Poker back on table at CNB casinos

Shown is a poker table at the Cherokee Casino West Siloam Springs in West Siloam Springs, Oklahoma. 

TAHLEQUAH – Poker has been “reintroduced” at the tribe’s casinos in West Siloam Springs and Catoosa, according to the Cherokee Nation Businesses boss.

“We’re going to have eight positions per game with plexiglass dividers so that we can ensure the safety of our patrons,” CNB CEO Chuck Garrett told Tribal Councilors on April 29.

At both casinos, masks remain mandatory for employees and guests.

“We suggest that guests bring their own masks, which should cover the nose and mouth, but not the entire face or head,” the CNB’s casino website states.

The Hard Rock Hotel & Casino Tulsa is operating under the Hard Rock International’s SAFE + SOUND program. According its website site, “These comprehensive guidelines enhance cleaning practices, social interaction and workplace protocols.” 

Key elements of the program include mandatory masks, social distancing, increased cleaning and disinfecting, plexiglass separators in certain locations and more.

When COVID-19 began spreading in early 2020, CNB casinos were shuttered for several months, followed by a “careful, phased process to responsibly reopen,” according to CNB.

“We are inching our way back to pre-COVID activities and operations,” Garrett said. “March was an incredible month for us across the board. Our casino and gaming activities have improved substantially. Of course, we’re continuing to adhere to responsible hospitality, and that’s putting some restrictions on our operations as we all know.”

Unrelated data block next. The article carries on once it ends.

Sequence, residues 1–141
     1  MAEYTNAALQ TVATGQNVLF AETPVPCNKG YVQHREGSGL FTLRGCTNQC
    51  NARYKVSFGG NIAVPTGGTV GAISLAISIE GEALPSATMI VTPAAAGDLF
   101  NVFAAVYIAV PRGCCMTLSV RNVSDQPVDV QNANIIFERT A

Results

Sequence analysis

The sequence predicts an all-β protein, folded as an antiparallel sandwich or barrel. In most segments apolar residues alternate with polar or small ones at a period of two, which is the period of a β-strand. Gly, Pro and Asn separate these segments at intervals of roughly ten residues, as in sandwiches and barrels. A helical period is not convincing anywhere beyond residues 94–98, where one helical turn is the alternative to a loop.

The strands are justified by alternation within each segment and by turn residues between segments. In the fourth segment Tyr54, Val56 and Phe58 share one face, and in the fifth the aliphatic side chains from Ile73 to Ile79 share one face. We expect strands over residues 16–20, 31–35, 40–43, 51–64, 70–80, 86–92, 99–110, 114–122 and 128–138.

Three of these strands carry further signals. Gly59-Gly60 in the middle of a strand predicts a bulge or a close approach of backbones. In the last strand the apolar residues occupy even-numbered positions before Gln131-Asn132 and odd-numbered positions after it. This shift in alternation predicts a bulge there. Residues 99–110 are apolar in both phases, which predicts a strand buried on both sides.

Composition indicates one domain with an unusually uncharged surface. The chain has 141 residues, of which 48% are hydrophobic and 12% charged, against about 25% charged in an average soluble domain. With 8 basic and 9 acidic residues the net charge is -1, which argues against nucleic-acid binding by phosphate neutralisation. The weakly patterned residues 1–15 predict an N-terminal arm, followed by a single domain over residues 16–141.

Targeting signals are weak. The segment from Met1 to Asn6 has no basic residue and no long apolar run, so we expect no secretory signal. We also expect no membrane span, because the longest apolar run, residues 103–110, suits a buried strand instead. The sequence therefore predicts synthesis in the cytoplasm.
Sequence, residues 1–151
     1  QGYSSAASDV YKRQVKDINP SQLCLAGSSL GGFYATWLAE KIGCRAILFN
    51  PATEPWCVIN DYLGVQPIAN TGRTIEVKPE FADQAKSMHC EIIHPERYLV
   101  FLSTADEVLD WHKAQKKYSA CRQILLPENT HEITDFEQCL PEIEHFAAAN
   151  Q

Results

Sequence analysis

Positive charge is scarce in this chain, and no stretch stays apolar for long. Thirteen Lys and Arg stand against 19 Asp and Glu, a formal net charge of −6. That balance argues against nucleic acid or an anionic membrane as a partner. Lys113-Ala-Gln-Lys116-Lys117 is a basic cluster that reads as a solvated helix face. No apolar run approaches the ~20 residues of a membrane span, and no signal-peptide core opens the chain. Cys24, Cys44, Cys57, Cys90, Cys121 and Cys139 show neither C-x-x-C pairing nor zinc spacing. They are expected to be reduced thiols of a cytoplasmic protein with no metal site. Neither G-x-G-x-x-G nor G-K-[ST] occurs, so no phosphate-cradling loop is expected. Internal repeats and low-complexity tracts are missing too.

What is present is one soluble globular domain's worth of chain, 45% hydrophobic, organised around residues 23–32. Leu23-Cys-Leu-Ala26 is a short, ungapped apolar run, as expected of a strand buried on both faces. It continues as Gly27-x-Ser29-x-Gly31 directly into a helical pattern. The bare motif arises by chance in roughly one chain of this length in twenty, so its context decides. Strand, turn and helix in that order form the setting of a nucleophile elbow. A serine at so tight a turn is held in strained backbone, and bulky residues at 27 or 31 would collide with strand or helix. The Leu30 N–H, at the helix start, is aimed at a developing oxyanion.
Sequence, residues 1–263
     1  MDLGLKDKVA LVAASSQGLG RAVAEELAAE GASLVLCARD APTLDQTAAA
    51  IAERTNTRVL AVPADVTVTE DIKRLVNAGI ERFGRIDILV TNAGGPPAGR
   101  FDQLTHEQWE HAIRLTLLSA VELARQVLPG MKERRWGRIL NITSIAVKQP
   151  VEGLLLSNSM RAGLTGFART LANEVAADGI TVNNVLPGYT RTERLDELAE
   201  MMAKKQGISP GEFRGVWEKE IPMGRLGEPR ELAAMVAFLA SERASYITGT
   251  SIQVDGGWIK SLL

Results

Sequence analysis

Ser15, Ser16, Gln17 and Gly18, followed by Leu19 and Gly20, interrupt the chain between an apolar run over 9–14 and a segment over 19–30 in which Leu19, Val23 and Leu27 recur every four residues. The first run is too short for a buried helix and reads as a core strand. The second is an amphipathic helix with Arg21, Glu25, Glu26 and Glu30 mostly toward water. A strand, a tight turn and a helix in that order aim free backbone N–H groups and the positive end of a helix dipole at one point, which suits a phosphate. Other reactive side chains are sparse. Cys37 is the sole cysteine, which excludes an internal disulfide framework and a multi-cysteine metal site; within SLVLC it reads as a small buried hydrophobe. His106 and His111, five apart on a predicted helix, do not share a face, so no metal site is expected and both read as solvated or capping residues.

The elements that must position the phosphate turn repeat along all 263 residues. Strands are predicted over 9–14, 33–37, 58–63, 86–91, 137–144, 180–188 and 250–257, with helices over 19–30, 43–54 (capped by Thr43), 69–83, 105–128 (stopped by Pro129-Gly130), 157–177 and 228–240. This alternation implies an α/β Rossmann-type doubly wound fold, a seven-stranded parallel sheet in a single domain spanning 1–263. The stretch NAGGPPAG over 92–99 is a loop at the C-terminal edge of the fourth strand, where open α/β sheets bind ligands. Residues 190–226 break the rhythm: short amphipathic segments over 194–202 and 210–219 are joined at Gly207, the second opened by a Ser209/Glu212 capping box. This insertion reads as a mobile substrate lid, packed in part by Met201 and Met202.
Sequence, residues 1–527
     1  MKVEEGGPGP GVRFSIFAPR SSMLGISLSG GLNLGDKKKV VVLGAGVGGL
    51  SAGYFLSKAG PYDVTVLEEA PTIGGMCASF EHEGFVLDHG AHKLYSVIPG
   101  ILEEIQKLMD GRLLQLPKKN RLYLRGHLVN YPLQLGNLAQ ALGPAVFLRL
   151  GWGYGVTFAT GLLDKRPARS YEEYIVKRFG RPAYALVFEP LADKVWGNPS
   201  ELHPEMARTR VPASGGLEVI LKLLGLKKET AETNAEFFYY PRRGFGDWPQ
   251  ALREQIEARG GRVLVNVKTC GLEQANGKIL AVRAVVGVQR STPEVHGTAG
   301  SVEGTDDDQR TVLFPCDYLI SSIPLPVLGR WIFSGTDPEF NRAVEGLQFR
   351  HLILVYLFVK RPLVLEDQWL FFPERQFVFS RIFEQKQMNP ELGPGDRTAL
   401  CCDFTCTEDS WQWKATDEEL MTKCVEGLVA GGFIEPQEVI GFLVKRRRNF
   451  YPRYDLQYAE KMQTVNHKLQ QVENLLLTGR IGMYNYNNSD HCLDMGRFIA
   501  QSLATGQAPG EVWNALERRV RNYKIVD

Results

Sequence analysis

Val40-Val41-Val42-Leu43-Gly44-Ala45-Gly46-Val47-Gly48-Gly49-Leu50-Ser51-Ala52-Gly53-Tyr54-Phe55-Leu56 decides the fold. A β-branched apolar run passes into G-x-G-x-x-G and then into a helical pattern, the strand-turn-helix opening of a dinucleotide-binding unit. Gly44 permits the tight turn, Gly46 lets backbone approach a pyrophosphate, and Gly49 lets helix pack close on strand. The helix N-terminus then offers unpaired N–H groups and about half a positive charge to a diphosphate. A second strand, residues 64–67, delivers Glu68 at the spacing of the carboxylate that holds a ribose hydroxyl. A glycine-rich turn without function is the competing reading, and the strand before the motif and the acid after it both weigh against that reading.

Touching on the continued mask mandate, Tribal Councilor Mike Shambaugh noted that, “It’s tough to compete when nobody’s playing by those rules anymore.”

“You guys have been the leaders in keeping people safe in Oklahoma,” he said. “Our casinos are a great example of that. But, you know, we’re getting to the point now where everybody else isn’t doing it.”

The casinos are also opening “some of the self-service beverage stations that have been closed for the last year,” Garrett said. In June, he added, some meeting spaces are scheduled to reopen with limited occupancy.

Cherokee Nation Entertainment, a CNB subsidiary, operates 10 gaming venues throughout northeast Oklahoma.